Technology Law Analysis
October 22, 2018
Digital payments thriving: Ecosystem further liberalized
The Reserve Bank of India (“RBI”), India’s central bank, has recently issued guidelines for interoperability of prepaid instruments (“PPIs”) in India. The RBI had towards the end of last year issued new directions on issuance and operation of PPIs in India1 (“PPI Directions”) which amongst other things aimed to provide for harmonization and interoperability of PPIs. Our detailed write-up on the PPI Directions is available here.
The RBI Guidelines for Interoperability for PPIs2 (“Guidelines”) essentially follow suit from the PPI Directions to facilitate implementation of interoperability of PPIs. Interoperability is the technical compatibility to enable multiple payment systems to be used in conjunction with each other. Interoperability for PPIs would allow issuers, system providers and users in different systems to effect transactions without participating in multiple systems. The Guidelines appear voluntary and apply to PPI issuers opting for interoperability of their PPIs.
For instance, with interoperability, users of e-wallets issued by different issuers would be able to transact with each other. For instance, if a merchant’s website accepts payments via a particular card network and if a prepaid card / wallet is compliant with the technical specifications of such network, then the said prepaid card / wallet could also be used for transacting on the merchant’s website.
RBI Master Directions on Issuance and Operation of PPIs
The PPI Directions contemplate that common standards be adopted by all payment system providers so as to allow customers to use a set of payment instruments seamlessly with other users within the segment, i.e. interoperability of PPIs. This should be enabled in phases.
In the first phase:
In subsequent phases:
No specific timeline was prescribed for these phases.
RBI Guidelines for Interoperability of PPIs
The Guidelines are issued pursuant to the PPI Directions in order to operationally implement the framework mentioned above for interoperability. The Guidelines provide that the PPI issuer should also comply with other security and technical specifications under applicable banking laws (including on KYC, cyber security, fraud prevention etc.) and applicable rules and requirements of the National Payments Corporation of India (NPCI) that develops and operates UPI, and respective card networks.
A snapshot of the same is tabulated below:
The much awaited guidelines from the RBI have finally been released, one that is expected to bring a paradigm shift in the digital payment industry in India which is already worth about USD 200 billion and expected to touch USD 1 billion by 2023.6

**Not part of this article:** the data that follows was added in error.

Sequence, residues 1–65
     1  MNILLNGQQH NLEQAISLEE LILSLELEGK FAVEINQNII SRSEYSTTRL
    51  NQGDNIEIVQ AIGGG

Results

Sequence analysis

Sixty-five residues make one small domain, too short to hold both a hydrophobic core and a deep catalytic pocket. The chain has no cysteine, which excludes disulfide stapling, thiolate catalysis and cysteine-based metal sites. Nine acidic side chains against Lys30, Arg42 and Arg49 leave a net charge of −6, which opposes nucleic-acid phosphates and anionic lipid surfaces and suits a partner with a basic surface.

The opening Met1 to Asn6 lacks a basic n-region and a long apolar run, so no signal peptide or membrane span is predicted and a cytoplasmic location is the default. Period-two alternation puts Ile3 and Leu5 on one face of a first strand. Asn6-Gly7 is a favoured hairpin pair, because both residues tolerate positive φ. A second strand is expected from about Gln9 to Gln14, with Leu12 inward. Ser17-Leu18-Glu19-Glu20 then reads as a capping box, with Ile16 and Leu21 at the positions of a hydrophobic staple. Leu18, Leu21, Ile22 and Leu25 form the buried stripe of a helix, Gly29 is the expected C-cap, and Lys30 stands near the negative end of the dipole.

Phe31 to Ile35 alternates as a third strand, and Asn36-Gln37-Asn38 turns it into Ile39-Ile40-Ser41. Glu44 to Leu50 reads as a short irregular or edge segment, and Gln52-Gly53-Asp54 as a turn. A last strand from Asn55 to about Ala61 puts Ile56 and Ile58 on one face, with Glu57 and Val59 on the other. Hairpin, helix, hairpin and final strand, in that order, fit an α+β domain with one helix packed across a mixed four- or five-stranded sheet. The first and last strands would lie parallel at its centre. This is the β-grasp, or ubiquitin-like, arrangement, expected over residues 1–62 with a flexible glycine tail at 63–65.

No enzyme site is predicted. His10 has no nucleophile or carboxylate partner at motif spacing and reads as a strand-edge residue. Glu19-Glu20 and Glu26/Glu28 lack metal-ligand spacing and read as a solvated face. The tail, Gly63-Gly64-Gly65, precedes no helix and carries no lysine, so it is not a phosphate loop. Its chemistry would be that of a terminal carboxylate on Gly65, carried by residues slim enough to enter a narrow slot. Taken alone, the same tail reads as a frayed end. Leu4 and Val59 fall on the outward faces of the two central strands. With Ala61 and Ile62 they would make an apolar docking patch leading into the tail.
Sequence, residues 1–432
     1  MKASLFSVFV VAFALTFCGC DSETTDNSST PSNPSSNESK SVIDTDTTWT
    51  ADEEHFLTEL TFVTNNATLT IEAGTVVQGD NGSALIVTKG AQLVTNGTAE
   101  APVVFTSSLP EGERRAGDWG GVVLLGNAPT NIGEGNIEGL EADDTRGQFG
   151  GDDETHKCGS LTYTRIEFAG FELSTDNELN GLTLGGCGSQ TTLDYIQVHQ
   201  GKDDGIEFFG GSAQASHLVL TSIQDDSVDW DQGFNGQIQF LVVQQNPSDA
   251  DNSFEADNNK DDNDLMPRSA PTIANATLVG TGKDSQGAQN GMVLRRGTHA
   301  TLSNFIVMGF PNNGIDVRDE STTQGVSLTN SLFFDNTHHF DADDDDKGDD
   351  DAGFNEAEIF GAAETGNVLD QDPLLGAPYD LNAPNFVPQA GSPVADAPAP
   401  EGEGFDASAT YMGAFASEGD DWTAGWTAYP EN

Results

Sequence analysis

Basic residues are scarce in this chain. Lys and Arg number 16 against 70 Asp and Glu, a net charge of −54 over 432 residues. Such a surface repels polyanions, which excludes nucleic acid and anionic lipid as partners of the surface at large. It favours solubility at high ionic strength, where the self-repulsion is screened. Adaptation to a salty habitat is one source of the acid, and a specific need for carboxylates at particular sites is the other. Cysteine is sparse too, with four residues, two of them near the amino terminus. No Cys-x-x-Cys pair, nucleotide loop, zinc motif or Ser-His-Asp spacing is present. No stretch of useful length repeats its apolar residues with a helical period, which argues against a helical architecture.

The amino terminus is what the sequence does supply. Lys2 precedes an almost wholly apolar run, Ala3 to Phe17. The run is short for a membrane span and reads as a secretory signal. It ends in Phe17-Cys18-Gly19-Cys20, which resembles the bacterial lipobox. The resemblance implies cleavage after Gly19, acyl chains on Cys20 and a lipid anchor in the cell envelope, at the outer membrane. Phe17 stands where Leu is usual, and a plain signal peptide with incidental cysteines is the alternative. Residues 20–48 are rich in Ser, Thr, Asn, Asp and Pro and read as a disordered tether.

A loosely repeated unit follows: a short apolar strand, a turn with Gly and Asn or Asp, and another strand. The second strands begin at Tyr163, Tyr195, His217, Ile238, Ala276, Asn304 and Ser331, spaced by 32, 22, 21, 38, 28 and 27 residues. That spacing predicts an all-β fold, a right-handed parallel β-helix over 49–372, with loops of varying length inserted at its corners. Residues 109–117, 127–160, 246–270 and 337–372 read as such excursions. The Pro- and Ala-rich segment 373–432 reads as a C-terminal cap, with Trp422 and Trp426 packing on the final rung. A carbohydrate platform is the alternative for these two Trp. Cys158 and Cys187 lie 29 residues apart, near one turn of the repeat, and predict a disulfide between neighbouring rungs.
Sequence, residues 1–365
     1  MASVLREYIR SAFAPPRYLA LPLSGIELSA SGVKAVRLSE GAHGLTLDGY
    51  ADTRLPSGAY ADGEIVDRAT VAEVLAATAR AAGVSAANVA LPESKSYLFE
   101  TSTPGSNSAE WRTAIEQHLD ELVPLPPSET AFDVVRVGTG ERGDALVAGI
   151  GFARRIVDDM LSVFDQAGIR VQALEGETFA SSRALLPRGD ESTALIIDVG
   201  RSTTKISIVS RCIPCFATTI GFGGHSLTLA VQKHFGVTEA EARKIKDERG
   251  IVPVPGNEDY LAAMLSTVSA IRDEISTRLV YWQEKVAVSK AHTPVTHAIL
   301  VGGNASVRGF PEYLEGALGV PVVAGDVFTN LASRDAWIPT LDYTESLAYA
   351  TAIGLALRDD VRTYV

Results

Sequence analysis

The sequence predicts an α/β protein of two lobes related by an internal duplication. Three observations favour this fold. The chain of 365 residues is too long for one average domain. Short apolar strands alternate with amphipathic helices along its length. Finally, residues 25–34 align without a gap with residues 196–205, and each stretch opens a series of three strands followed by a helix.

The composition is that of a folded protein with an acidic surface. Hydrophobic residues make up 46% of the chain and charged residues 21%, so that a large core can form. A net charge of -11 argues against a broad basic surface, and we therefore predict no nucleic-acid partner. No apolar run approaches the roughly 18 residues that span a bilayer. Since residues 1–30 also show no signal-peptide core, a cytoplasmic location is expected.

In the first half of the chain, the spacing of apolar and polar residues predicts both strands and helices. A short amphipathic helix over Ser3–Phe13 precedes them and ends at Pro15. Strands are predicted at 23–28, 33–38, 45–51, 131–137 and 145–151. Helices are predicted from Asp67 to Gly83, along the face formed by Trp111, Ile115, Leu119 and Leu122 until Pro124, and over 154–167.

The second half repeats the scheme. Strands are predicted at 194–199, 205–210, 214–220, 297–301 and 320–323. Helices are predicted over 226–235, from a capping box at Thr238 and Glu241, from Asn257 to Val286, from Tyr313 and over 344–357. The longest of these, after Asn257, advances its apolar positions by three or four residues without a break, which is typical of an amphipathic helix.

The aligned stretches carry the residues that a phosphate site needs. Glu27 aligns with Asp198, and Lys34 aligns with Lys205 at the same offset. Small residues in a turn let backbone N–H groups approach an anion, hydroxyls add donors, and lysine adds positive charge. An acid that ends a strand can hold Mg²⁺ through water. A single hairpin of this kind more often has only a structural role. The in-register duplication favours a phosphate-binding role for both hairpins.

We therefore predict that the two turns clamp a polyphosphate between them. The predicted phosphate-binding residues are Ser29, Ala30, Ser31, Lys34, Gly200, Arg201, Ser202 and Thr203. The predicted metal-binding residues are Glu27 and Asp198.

The Guidelines should be seen as an upward step for the entire payments ecosystem in India. It is understood to be welcomed by the fin-tech and digital payments industry as it is likely to only increase usage of e-wallets, gift cards and bank account payments via UPI in India. In fact, with interoperability in place, customers would not only be able to transact with others via e-wallets of different issuers, but customers would also be able to use their e-wallets / prepaid cards from various issuers to make online payments on a wide range of websites.
However, given that certain interoperability requirements are optional for PPI issuers, it is left to be seen as to how soon the scope of usage of PPIs is widened. We understand that in the coming days, the industry would come together to discuss additional technical compatibility requirements and logistics to make their PPIs more interoperable.
Also, given that the PPI, especially the e-wallet space is a very competitive market in India, a move like this to increase usage of PPIs across platforms should only drive competition and result in an enhanced customer experience. This would also improve R&D capabilities and investment traction in this space.
Also, cashbacks are an incentive for on-boarding e-wallet users today, but with a wider scope of acceptance of a PPI, this may itself become an added user incentive. In addition, this could also lead to an increase in authorizations from the RBI for issuing and operating semi-closed and open system PPIs.
However, the RBI data localization mandate would continue to apply. Hence, market entrants as well as existing PPI issuers, including MNCs, intending on expanding the scope of usage of their PPI or issuing a new range of PPIs (for instance gift cards, meal vouchers etc.) would need to comply with the existing data localization compliances.
1 Available at: https://rbi.org.in/Scripts/NotificationUser.aspx?Id=11142&Mode=0 . Last accessed: October 17, 2018.
2 Available at: https://rbi.org.in/Scripts/NotificationUser.aspx?Id=11393&Mode=0. Last accessed: October 17, 2018.
3 See: http://cashlessindia.gov.in/upi.html. Last accessed: October 17, 2018.
4 Non-bank PPIs would also be allowed to use the existing *99# USSD.
5 This applies to fresh, reissued and renewed PPI cards.
6 See: https://www.financialexpress.com/industry/facebook-and-google-chase-a-new-1-trillion-indian-digital-payments-market/1294550/. Last accessed: October 17, 2018.
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